Genetics Predisposes for Heavy Drinking After Watching Heavy Drinking
Spend any time in a bar, and sooner or later you'll hear, "I'll have what she's having." It sounds like a bad pickup line, but there may be an actual biological basis for this kind of alcohol copycat
behavior. Because scientists have found that having the gene for a certain dopamine
receptor could predispose you to being influenced by the sight of other people drinking.
Volunteers were ushered
into a lab set up to look like a pub. They were asked to do some busywork, then told that during the break they should help themselves to some adult beverages
. While they watched, shills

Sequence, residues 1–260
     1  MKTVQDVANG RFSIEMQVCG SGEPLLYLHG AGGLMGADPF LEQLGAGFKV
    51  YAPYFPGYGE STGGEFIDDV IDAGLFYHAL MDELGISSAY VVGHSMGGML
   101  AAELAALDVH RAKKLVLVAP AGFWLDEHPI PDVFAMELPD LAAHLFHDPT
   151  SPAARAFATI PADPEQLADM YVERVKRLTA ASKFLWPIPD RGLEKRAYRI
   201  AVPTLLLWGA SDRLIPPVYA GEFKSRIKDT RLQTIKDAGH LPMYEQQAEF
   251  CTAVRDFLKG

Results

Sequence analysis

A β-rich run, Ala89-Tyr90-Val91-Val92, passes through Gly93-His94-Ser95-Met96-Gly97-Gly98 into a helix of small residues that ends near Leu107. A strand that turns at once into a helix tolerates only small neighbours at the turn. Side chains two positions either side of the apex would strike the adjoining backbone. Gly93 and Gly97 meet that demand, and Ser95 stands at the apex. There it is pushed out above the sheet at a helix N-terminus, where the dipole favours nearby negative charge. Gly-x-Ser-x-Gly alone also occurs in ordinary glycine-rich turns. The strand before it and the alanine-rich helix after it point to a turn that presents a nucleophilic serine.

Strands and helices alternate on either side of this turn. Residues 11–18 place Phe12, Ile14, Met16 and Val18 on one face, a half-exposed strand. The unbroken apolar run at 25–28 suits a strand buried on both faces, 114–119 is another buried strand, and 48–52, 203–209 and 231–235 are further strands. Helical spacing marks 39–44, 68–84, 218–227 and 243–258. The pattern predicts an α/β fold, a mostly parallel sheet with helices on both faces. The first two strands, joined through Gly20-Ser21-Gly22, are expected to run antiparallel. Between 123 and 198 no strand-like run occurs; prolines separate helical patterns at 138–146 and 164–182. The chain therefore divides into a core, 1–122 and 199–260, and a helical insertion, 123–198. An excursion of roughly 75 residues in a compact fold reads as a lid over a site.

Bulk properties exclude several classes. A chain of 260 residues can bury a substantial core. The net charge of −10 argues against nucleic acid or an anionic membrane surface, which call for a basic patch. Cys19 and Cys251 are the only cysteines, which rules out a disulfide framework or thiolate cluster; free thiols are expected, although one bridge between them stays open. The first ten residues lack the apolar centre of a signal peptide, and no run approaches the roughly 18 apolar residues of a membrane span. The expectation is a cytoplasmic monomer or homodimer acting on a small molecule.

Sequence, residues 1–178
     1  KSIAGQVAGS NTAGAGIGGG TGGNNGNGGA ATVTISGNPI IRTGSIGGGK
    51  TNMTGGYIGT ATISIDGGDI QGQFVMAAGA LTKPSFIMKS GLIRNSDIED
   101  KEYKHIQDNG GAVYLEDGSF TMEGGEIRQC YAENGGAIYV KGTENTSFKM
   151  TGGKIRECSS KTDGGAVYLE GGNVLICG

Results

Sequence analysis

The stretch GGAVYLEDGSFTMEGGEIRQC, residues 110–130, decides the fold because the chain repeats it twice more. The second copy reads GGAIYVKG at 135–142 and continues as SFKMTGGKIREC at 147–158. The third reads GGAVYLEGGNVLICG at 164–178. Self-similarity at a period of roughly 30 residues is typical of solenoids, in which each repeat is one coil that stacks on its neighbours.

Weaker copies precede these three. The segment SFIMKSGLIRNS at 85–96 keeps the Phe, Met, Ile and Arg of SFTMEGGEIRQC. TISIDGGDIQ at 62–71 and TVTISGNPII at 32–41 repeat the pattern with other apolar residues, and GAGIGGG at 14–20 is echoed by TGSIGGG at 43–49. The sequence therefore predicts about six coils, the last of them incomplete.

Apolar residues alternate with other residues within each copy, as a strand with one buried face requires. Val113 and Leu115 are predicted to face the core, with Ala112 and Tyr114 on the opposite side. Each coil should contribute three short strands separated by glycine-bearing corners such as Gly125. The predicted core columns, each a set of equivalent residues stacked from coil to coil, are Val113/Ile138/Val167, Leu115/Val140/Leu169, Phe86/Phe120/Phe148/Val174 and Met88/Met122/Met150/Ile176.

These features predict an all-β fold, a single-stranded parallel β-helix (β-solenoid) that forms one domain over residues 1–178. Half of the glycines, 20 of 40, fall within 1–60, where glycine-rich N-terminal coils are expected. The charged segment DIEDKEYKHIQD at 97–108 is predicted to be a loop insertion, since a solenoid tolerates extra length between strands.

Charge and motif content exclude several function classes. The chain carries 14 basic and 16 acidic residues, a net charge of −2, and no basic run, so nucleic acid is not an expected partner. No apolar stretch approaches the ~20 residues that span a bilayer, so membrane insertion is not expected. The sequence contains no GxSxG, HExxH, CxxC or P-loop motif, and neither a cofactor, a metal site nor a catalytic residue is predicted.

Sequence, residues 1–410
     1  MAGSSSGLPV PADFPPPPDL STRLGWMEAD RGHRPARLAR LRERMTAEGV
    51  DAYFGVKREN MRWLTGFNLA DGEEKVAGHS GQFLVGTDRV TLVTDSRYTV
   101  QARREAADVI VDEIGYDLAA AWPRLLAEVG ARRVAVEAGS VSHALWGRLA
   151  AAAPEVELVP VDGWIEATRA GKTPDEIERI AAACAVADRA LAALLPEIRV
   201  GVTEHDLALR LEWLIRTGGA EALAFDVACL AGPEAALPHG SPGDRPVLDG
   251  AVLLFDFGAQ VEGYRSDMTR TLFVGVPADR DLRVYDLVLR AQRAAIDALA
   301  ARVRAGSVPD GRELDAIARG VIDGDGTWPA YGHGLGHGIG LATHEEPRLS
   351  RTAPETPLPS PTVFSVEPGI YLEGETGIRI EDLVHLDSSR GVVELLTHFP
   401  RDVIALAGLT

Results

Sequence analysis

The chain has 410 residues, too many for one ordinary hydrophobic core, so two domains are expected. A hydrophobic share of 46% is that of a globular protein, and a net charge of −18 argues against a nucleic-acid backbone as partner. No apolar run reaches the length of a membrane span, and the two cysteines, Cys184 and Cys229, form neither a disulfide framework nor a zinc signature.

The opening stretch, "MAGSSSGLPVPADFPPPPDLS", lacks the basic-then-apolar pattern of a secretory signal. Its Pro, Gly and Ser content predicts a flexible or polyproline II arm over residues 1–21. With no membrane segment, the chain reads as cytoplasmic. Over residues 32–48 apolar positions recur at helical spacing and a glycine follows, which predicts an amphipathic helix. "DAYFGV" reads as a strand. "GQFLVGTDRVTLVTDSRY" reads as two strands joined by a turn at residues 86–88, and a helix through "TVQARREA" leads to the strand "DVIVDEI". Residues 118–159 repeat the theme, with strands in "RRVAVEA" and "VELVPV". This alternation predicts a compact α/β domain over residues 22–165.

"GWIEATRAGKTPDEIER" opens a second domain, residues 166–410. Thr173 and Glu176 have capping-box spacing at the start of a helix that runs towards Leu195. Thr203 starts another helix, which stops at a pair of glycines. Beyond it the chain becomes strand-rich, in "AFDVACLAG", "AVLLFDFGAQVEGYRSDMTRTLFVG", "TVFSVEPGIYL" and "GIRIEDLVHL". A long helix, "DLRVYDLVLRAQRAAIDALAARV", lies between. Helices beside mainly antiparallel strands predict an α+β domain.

planted by the scientists immediately liquored up.
The study subjects were then tracked to see how much they drank after watching others toss them back. When the plants could be seen having just one drink, all the subjects drank similar amounts. But when the plants had at least three drinks, some participants drank twice as much as others. And DNA tests showed that the heavier drinkers had a particular variant
of a dopamine
receptor called DRD4. The work appears in the journal Psychological Science.
Next, the search for genes that make people order drinks with those little umbrellas.